Spray Pyrolysis of Thermal Barrier Coatings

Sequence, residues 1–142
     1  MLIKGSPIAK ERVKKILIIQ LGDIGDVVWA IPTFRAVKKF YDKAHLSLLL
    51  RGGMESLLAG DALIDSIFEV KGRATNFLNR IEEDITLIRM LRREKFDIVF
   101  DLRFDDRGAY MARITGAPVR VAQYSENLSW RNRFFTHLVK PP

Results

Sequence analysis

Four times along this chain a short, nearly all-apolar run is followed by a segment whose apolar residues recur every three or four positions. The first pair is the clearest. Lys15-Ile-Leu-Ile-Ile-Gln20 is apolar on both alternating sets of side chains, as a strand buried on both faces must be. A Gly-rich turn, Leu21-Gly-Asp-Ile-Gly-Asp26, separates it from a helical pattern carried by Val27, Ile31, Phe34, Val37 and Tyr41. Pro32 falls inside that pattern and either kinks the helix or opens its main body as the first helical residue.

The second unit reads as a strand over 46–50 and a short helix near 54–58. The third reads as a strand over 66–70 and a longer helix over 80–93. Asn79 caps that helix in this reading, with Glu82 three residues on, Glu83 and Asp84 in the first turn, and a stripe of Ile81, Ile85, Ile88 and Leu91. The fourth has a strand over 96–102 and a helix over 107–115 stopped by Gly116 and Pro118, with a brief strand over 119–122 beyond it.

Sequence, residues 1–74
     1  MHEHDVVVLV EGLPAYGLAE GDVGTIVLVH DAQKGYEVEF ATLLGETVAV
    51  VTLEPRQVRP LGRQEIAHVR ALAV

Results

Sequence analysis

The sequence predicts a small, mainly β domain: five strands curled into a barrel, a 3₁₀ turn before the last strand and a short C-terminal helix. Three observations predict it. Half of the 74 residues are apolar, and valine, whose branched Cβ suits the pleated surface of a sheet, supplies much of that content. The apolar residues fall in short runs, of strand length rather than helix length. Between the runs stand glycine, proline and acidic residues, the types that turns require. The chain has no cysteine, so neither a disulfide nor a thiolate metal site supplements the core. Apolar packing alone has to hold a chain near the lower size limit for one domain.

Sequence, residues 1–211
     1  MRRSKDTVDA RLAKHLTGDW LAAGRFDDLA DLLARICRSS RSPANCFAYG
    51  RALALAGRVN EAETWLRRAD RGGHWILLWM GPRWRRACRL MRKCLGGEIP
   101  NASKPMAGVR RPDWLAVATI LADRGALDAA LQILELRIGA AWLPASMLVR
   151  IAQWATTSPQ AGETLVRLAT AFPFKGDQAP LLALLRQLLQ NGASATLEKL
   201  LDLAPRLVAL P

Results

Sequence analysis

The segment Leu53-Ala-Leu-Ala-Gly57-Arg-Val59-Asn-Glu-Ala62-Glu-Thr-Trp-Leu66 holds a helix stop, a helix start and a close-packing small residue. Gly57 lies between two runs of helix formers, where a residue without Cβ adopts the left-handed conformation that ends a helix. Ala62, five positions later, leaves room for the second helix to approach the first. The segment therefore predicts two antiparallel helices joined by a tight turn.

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Thermal barrier coatings are multilayer systems developed to increase the operating temperature and lifetime of modern gas-turbine engines by thermally insulating the underlying superalloy components. Thick oxide thermal barrier coatings are currently deposited by complex and expensive physical deposition methods, whereas wet chemistry deposition processes using liquid precursor solutions as a feedstock appear as an attractive low-cost and simpler alternative. Nevertheless, these wet chemistry deposition techniques have mainly been focused on the deposition of thin films until now, and the deposition of thicker coatings, even though challenging, would be beneficial to countless applications. The aim of this work has consequently been to evaluate the feasibility of depositing thermal barrier coatings via wet chemistry deposition methods. Special emphasis was given to the spray pyrolysis technique, and the deposition mechanisms and the cracking behavior of thick oxide coatings produced by spray pyrolysis have been investigated. Finally, the thermal and mechanical properties of thick and porous crack-designed lanthanum zirconate coatings were determined. In Paper I, nanostructured yttria-stabilized zirconia coatings were deposited on stainless steel by dip-coating and spray-coating of water based suspensions. Porous and crack-free coatings were achieved by both methods. Nevertheless the achieved coatings remained relatively thin, and the dip-coating and spray-coating techniques were not considered further. In Paper II, an aqueous nitrate based precursor solution was deposited on preheated stainless steel substrates by spray pyrolysis to produce thick lanthanum zirconate coatings. The influence of the substrate temperature on the coating formation and microstructure has been carefully studied for a better understanding of the deposition mechanisms. A temperature range corresponding to the deposition of an ionic salt precipitate was found to be critical to obtain thick crack-free green coatings. Further heat treatment was necessary to decompose the nitrate species into an oxide coating with a fine porous microstructure. In Paper III, the crack mechanisms of thick lanthanum zirconate coatings deposited by spray pyrolysis from aqueous nitrate based precursor solutions are presented. Cracks were formed during the decomposition of the nitrate species due to the associated volume change. The thickness of the coatings demonstrated the largest impact on the crack pattern. The crack opening and the crack spacing varied linearly with increasing thickness, leading to small delamination at the interface. The cracks were stable after the crystallization of the coatings by further heat treatment. Finally, it was proposed that coatings with a designed crack pattern can be deposited based on the knowledge of the influence of the different parameters. In Paper IV, the influence of the chemistry of the precursor solution on the deposition of thick oxide coatings by air blast spray pyrolysis is reported. Coatings of four different oxide materials were deposited using aqueous lanthanum-zirconyl, yttrium-zirconyl, aluminum, and aluminum-magnesium nitrate based precursor solutions. The most suitable deposition temperature interval was determined for each selected precursor solution system and correlated to thermogravimetric analyses of the as-deposited green coatings. The quality of these green coatings was further characterized in terms of microstructure, porosity, and crack-freeness. The effect of the concentration of the precursor solutions on the deposition temperature intervals and the microstructure of the green coatings was explained in relation to the salt saturation limit. A trend was established based on the results obtained for the four systems, and general guidelines for successful deposition of thick coatings by spray pyrolysis were given. In Paper V, the thermal and mechanical properties of thick crack-designed lanthanum zirconate coatings are presented. The green coatings crystallized from 600 °C and the cubic pyrochlore structure was formed after heat treatment at 1000 °C for 2 h. Crystalline lanthanum zirconate multilayered coatings with small crack spacing and crack opening exhibited a higher density, a higher hardness, a lower thermal diffusivity of ~0.33 mm2/s, and a higher thermal conductivity of ~0.34 W/(mK) at elevated temperatures compared to crystalline monolayered coatings of similar thickness with large crack spacing and crack opening. The thermal diffusivity of the coatings was similar to the lowest values reported for yttriastabilized zirconia plasma sprayed coatings.